“You kind of take the wind out of the sail of the person who is being offensive talking about politics and they will eventually stop,” says Klinkerman. Though it may seem improper to pointedly turn away from a conversation, she claims it’s worth it. “Whatever is perceived as being rude is momentary,” explains Klinkerman. “It will only last for seconds. I’d rather have that, a few seconds of discomfort than REALLY getting my blood pressure up over a conversation I don’t wish to have.”

Don’t Be Afraid to Leave the Table

Your last move to avoiding the dreaded family melee over politics is to leave the table.  It may seem petty and childish, but telling your relatives that you don’t find politics to be appropriate dinner conversation and would rather share your meal with those who have only constructive things to say before shuffling off to the kids’ table will probably shut everyone up (and is guaranteed to make you a family legend).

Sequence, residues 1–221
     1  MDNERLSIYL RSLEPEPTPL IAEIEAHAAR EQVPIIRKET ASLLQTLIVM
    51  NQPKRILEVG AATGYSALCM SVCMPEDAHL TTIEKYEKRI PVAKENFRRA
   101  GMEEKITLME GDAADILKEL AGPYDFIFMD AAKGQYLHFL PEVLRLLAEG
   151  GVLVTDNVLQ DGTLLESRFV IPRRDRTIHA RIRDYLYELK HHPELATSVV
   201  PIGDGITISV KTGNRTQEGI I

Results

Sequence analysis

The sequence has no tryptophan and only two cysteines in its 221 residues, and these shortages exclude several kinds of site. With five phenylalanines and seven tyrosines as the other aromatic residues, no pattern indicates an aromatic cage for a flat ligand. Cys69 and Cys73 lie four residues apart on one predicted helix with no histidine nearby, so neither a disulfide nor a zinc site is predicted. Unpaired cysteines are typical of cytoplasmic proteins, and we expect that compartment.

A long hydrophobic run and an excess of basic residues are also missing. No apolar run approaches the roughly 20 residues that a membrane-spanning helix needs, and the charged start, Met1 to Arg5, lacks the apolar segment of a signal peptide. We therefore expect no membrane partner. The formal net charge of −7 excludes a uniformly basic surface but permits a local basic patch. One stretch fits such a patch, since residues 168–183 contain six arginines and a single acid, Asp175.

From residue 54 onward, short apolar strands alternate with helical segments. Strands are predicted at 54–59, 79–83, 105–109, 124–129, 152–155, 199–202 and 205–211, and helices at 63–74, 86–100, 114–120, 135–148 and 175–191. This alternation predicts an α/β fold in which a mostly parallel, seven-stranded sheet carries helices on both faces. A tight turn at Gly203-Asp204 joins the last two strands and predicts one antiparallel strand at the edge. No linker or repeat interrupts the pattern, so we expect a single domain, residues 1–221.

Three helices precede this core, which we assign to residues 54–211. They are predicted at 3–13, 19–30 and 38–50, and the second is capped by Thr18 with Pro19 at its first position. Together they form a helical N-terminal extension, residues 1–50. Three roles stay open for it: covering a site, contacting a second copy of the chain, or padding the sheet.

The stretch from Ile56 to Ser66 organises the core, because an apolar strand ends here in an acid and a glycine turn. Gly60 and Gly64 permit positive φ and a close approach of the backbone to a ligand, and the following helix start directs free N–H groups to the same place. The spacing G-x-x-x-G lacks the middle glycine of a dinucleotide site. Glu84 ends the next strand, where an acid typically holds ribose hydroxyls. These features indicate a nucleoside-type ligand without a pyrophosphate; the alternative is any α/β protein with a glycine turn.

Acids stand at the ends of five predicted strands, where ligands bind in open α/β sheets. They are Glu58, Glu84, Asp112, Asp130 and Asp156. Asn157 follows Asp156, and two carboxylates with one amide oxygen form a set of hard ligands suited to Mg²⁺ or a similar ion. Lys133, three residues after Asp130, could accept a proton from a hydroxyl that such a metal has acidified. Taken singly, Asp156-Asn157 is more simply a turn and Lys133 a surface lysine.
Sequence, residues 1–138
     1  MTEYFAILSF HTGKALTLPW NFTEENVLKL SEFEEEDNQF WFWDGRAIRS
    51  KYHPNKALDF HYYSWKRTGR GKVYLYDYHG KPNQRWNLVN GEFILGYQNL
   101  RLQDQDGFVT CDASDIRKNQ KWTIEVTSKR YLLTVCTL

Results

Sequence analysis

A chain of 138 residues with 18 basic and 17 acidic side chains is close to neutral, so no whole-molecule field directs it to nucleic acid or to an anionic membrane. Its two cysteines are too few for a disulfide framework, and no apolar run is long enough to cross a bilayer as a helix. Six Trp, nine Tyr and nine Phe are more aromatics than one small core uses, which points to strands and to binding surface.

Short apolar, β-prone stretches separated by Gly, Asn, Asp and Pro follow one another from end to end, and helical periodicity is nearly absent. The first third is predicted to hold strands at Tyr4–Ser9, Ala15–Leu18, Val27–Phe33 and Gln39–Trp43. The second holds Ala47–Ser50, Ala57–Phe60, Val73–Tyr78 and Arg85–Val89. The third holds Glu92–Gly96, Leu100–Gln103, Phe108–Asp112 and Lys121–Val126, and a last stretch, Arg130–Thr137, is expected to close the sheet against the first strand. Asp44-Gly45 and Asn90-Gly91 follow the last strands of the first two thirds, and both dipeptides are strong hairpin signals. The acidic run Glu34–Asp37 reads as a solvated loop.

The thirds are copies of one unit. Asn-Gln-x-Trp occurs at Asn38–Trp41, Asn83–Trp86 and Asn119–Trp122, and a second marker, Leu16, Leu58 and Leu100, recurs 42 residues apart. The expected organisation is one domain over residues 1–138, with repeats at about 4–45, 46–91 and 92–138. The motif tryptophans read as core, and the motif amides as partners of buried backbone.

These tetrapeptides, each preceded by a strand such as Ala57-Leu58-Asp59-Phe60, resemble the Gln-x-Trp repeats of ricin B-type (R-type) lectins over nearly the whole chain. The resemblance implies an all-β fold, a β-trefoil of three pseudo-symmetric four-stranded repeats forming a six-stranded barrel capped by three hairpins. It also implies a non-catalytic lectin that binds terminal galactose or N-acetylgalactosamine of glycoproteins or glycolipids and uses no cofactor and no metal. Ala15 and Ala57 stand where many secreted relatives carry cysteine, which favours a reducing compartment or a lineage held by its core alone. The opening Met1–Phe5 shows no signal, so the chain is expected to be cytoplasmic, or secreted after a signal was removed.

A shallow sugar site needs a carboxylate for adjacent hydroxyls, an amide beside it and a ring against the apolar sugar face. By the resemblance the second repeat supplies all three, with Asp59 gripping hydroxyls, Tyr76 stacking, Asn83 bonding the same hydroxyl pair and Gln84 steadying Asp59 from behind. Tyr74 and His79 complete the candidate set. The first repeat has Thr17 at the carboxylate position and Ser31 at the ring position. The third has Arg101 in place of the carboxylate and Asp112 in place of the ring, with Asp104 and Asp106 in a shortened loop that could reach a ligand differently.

“You have to nip it in the bud and say ‘I don’t want to take this conversation any further and if you continue I am going to get up and leave,’” says Klinkerman. Of course, some might say the tactic is a little too dramatic, which she admits, but points out that it shouldn’t matter to you.  “Will it create more drama? Not if you’re in the other room!”

This is also a great move to pull if you find yourself as that political family black sheep that everyone else is piling on. “If they don’t have a target in the room,” says Klinkerman, ”they’re not going to keep going.”